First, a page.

Harvard has rescinded acceptances for at least ten prospective students after learning that they were involved in a private Facebook group chat that shared racist and sexually explicit memes.
According to the Harvard Crimson, the group chat in question was an offshoot of the main Harvard Class of 2021 Facebook group, and was at one point named “Harvard Memes for Horny Bourgeois Teens.” The chat was started this past December.
Cassandra Luca, an incoming freshman who did not take part in the more R-rated meme chat (the controversial group grew out of a more lighthearted meme group), told The Crimson that the founders of the “dark” group encouraged students to post provocative memes in order to gain entry into the smaller, more exclusive group.
“They were like, ‘Oh, you have to send a meme to the original group to prove that you could get into the new one,'” Luca told the campus paper. “This was a just-because-we-got-into-Harvard-doesn’t-mean-we-can’t-have-fun kind of thing.”
Memes included messages that joked about finding child abuse sexually arousing and that mocked the Holocaust. One screenshot obtained by The Crimson showed the hypothetical hanging of a Mexican child with the caption, “piñata time.”
The admissions office, upon catching wind of the troubling Facebook group chat, emailed students who had posted offensive memes in April, asking them to disclose and explain every picture they had posted in the group. “The Admissions Committee was disappointed to learn that several students in a private group chat for the Class of 2021 were sending messages that contained offensive messages and graphics,” an email from the admission’s office, obtained by The Crimson, read. “As we understand you were among the members contributing such material to this chat, we are asking that you submit a statement by tomorrow at noon to explain your contributions and actions for discussion with the Admissions Committee.”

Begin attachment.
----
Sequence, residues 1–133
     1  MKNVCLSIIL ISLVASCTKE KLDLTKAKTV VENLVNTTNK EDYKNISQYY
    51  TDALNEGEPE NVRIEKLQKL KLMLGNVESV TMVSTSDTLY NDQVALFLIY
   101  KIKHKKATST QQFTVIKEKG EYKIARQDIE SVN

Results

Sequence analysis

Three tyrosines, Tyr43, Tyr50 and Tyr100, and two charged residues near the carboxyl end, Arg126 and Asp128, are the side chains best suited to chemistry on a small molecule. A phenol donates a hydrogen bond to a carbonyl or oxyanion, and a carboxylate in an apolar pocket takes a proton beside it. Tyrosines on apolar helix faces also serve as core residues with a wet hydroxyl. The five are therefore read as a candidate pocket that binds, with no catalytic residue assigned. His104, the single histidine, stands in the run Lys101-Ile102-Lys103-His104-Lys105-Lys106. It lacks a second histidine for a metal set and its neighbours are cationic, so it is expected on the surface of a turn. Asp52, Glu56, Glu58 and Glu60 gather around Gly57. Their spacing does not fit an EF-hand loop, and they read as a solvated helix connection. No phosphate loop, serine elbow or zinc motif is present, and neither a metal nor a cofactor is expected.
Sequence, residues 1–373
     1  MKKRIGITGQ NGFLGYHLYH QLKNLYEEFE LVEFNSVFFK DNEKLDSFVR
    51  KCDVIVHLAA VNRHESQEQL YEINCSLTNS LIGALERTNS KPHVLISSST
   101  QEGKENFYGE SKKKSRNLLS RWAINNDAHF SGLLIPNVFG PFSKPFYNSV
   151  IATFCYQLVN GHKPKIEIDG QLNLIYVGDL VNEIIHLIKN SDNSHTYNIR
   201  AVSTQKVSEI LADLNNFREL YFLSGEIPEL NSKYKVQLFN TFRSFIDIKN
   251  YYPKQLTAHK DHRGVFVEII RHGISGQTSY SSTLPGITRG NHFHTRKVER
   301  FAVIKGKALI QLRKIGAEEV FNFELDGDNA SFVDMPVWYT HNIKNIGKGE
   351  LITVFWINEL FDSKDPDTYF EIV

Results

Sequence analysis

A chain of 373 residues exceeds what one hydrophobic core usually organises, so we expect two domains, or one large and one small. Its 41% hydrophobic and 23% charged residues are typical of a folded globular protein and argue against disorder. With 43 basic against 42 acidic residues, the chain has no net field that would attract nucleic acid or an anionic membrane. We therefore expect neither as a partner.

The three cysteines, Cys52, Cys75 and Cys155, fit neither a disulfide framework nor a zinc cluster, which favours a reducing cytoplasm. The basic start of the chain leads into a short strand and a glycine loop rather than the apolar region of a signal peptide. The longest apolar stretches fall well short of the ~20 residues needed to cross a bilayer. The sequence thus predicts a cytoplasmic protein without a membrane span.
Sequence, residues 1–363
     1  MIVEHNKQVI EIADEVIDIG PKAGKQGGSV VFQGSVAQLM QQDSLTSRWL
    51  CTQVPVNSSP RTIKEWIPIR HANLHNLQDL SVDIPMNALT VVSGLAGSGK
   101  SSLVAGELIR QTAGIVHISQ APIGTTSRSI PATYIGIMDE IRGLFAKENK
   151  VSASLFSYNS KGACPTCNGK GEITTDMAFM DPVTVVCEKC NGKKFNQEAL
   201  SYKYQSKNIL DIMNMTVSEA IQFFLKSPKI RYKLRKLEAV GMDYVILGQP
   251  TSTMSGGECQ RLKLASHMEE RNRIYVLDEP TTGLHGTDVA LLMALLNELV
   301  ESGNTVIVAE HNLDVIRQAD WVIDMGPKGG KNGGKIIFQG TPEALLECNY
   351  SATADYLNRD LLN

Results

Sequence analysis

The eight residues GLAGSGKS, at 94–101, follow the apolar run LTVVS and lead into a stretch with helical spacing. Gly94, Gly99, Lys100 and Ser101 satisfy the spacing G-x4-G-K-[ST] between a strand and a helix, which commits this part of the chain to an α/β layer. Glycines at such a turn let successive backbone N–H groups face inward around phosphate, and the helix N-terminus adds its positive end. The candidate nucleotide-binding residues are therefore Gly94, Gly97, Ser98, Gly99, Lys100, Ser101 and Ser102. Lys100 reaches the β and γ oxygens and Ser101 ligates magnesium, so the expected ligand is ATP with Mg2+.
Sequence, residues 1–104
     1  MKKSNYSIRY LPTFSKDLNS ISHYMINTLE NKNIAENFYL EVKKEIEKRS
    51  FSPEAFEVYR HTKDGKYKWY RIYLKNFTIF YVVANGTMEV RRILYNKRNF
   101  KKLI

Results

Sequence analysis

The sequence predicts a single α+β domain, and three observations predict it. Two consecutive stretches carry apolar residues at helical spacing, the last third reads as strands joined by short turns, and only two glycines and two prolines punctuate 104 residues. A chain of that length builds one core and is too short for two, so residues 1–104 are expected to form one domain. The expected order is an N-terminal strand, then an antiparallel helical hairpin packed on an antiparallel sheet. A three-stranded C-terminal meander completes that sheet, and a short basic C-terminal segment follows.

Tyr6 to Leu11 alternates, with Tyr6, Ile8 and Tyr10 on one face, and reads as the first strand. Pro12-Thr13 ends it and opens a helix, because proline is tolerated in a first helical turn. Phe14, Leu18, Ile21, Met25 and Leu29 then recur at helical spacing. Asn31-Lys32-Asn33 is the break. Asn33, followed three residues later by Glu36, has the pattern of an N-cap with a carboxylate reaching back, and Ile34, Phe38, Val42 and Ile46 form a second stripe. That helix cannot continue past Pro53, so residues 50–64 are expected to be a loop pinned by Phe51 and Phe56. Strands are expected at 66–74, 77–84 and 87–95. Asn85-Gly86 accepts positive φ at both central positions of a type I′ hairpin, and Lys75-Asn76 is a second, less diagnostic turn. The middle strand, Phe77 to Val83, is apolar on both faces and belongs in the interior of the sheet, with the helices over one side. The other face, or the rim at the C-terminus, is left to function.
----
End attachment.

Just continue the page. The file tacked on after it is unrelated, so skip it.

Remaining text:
A college spokesperson told The Crimson, “We do not comment publicly on the admissions status of individual applicants.”
Students are still torn over whether the top Ivy League university’s decision to rescind admissions offers was a fair punishment, though most seemed to feel that the administration did the right thing.
“I appreciate humor, but there are so many topics that just should not be joked about,” Jessica Zhang, another incoming freshman, told The Crimson. “I respect the decision of the admissions officers to rescind the offers because those actions really spoke about the students’ true characters. I do not know how those offensive images could be defended.”